Muffins, popular in all dayparts, get a nutritional boost from added dietary fiber.
The case for inulin

Omission of inulin from the May 2016 lists surprised most food ingredient industry observers. It is probably the most studied of all isolated dietary fibers and has well-acknowledged prebiotic properties, an important function of dietary fiber. The inulin that plays such an important role in supplementing a food’s TDF content is extracted from the roots of chicory plants.

Several inulin producers submitted comments in a joint petition to FDA.

“The review [of the joint petition] is still ongoing,” said Scott Turowski, technical sales, Sensus America, Inc., “but we fully anticipate chicory root fiber to gain approval and maintain its status as a dietary fiber.

“A great deal of clinical research has been conducted with chicory root fiber in the area of digestive health, establishing its position as a proven, prebiotic fiber,” he continued. “There is also emerging research that has shown positive indications linking chicory root fiber to improved immune function, an area that will continue to be researched. In addition, research has shown that chicory root fiber consumption can lead to a decrease in daily caloric intake, making it a potential tool in the area of weight management.”

Mr. Peters of Beneo noted another move. “Along with other European inulin producers, we have also submitted a citizen petition on inulin-type fructans.” He expected that FDA analysis would take place over the next few months.

Oliggo-Fiber chicory root fiber (inulin) made by Cosucra in Belgium is distributed by Cargill in the US and Canada. Cosucra is also a participant in the joint petition. “Given the wealth of data on chicory root inulin’s beneficial physiological effects, the major inulin producers and Cargill are confident that the additional information supplied through the citizen petition will aid in the review and approval of inulin as a dietary fiber,” said Pam Stauffer, global marketing programs manager.

Vegetable, grain isolates

Cereal grains and vegetables qualify as “intrinsic and intact” fiber when used in their whole food form and as flakes, cracked grains, flours and powders. But when further processed to extract their soluble and insoluble carbohydrates, they move into the category of “isolated or synthetic.” Many such fiber additives are offered for their ability to contribute healthy qualities to processed foods.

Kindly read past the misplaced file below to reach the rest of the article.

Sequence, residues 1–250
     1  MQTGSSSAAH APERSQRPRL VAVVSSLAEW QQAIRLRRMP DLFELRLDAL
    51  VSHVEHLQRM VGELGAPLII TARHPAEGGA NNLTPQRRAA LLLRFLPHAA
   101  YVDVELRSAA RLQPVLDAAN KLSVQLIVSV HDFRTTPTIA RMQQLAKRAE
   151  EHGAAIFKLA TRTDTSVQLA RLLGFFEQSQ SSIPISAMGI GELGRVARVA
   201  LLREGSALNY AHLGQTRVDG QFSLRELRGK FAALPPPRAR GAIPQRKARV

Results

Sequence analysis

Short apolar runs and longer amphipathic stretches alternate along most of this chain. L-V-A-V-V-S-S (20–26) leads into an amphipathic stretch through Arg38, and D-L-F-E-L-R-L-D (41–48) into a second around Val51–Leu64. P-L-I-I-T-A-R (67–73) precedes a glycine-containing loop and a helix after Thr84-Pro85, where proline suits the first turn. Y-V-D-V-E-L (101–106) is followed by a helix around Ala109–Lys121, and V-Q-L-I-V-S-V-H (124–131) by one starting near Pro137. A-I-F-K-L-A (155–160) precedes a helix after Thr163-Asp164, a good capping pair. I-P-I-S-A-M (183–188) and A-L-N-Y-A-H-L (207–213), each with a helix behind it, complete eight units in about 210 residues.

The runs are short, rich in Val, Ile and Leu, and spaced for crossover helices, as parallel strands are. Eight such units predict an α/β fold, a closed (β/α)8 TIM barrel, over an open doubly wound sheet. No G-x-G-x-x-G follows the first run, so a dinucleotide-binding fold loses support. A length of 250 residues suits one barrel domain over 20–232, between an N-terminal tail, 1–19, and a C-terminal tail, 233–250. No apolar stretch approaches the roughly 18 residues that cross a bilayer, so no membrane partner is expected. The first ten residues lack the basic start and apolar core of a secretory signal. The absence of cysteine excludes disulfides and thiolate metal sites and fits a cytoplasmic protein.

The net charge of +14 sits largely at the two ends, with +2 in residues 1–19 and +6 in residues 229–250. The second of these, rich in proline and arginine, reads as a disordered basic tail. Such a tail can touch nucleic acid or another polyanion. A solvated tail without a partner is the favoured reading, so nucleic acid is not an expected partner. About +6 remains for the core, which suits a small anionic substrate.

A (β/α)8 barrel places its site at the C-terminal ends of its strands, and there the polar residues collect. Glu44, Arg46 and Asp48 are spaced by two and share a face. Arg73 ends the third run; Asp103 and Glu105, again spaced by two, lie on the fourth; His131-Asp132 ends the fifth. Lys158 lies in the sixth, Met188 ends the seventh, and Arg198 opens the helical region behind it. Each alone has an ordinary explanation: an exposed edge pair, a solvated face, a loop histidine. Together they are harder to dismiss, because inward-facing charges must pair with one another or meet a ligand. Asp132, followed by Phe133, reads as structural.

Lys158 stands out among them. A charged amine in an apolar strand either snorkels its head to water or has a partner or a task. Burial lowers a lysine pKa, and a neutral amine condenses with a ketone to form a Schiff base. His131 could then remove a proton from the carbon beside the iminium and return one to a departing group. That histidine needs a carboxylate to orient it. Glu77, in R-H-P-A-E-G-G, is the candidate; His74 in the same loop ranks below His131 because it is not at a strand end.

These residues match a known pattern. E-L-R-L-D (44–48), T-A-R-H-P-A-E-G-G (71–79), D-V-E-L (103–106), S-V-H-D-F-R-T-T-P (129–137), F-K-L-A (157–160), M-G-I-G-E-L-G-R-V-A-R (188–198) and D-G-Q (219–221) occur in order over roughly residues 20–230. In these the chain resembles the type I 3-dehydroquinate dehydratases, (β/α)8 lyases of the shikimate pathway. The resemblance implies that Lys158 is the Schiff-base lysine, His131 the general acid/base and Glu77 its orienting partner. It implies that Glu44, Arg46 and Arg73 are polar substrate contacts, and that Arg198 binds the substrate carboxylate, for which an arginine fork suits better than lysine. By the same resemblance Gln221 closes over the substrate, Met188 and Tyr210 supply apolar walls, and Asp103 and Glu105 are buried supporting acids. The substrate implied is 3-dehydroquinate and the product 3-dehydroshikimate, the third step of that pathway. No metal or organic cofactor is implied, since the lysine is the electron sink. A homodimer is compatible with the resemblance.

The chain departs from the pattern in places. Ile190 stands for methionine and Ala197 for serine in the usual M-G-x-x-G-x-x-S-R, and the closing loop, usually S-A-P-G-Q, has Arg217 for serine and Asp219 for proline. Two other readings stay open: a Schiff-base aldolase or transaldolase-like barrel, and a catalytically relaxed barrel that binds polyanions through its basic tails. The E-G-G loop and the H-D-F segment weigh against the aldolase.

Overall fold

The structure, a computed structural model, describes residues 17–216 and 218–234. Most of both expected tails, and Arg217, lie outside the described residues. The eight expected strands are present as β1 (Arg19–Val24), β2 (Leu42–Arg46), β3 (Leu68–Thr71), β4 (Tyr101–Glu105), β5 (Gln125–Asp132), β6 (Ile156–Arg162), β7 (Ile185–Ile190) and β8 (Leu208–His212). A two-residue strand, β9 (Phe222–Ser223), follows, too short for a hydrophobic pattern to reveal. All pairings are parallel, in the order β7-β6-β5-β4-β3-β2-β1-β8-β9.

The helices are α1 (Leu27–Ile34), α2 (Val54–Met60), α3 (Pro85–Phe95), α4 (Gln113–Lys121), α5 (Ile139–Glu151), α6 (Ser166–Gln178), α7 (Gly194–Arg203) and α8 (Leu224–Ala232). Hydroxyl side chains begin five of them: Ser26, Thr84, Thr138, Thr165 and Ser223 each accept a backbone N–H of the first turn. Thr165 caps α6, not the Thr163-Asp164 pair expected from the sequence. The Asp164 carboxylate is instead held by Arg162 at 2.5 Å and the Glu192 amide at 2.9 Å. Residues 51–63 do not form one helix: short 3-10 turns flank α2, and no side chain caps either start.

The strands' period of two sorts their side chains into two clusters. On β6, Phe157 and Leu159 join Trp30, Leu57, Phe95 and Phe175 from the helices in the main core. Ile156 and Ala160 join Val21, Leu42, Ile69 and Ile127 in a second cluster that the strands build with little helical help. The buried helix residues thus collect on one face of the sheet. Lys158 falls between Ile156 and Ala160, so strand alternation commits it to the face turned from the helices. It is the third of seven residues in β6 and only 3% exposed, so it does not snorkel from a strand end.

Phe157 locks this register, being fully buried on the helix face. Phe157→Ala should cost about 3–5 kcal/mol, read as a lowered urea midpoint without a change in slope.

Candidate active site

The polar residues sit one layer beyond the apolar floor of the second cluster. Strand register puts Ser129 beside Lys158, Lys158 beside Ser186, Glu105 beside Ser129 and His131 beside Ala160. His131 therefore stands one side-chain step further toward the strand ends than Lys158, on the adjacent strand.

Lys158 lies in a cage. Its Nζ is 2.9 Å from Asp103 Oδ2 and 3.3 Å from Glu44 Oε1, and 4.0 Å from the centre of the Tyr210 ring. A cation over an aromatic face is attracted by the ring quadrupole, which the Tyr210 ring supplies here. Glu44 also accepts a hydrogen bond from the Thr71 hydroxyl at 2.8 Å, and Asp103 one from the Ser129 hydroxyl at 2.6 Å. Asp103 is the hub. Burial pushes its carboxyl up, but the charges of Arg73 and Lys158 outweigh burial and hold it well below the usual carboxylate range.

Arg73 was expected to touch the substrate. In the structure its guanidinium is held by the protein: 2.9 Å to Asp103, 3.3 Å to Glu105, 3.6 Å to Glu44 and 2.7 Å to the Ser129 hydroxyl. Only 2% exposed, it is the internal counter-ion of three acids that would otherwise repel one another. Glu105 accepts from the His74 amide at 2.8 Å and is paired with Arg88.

MGP Ingredients derives its RS4-type resistant starches Fibersym RW and FiberRite RW from wheat. The patented ingredients are based on technology developed at Kansas State University. They fit within the new definition’s requirements for isolated or synthetic non-digestible carbohydrate fiber sources having at least three monomeric units, according to Ody Maningat, PhD, vice-president of R&D and chief science officer. The company submitted a citizen petition for both. “The petition includes supporting evidence demonstrating three beneficial physiological effects in humans. First is lowering total blood cholesterol levels; second, reducing waist circumference and body fat percentage, which can reduce the risk of being overweight or obese; and third, lowering post-prandial glucose levels,” Dr. Maningat said.

Corn, another cereal grain, figures into other fiber additive choices. Soluble corn fiber did not make FDA’s initial cut. Roquette wants to change this and plans to submit for listing. “Only 3% of Americans get the minimum recommended adequate intake of fiber,” Ms. Fratus said. “Given the breadth of scientific evidence supporting the health benefits of soluble corn fiber, we anticipate FDA approval.”

Roquette turns to a variety of plants to create its food ingredients. “Peas, corn and wheat are three main crops we work with to bring ingredients like plant protein, fiber and starch to the food industry,” Ms. Beall said. “Within baking and snacks, Nutriose soluble fiber is used to impart the health benefits of dietary fiber; for sugar, calorie and fat reduction; and to provide excellent taste and texture. All Nutriose soluble fibers are made in France and are non-GMO.”

Citrus fruit — specifically its pulp and peel — are the source for Fiberstar’s portfolio of Citri-Fi fiber additives, noted Kurt Villwock, PhD, director of R&D. “The Citri-Fi 100 series qualifies as dietary fiber according to the new rules,” he said, describing them as meeting intrinsic and intact qualifications. “This product line has been derived solely from a citrus source, with citrus fiber being its only ingredient.”

He described the manufacturing process. “The orange juice pulp raw material (also known as pulp cells, juice vesicles, segment membranes and rag/core) are washed with water, heated, dewatered, sheared, dried, ground and screened to make the finished product,” Dr. Villwock said. “That is, the patented process to manufacture the dry ingredient does not use chemicals to modify or purify it, leaving the fibers essentially in their natural form.”

At Taiyo International, sunflower seed yields Sunfiber, a tasteless, colorless and odorless dietary fiber. Scott Smith, vice-president, noted that this is one of the truly low-calorie fibers, accounting for less than 2 Cal per g. “Sunfiber does fit within FDA’s recently updated definition for dietary fibers,” he said, crediting the large volume of human clinical research that has been performed with it.

There’s no doubt that consumers have a complex relationship with dietary fiber. Currently, they don’t get enough in their daily eating patterns, but it’s a food component that continues to appeal to them. The changes wrought by FDA in the wording and content of the Nutrition Facts Panel may help remedy this under-consumption.

So, even though “Team Total Dietary Fiber” faces a third-and-long situation, the players are taking the right steps through FDA’s petition and comment process to maintain the diverse supply of fiber additive ingredients.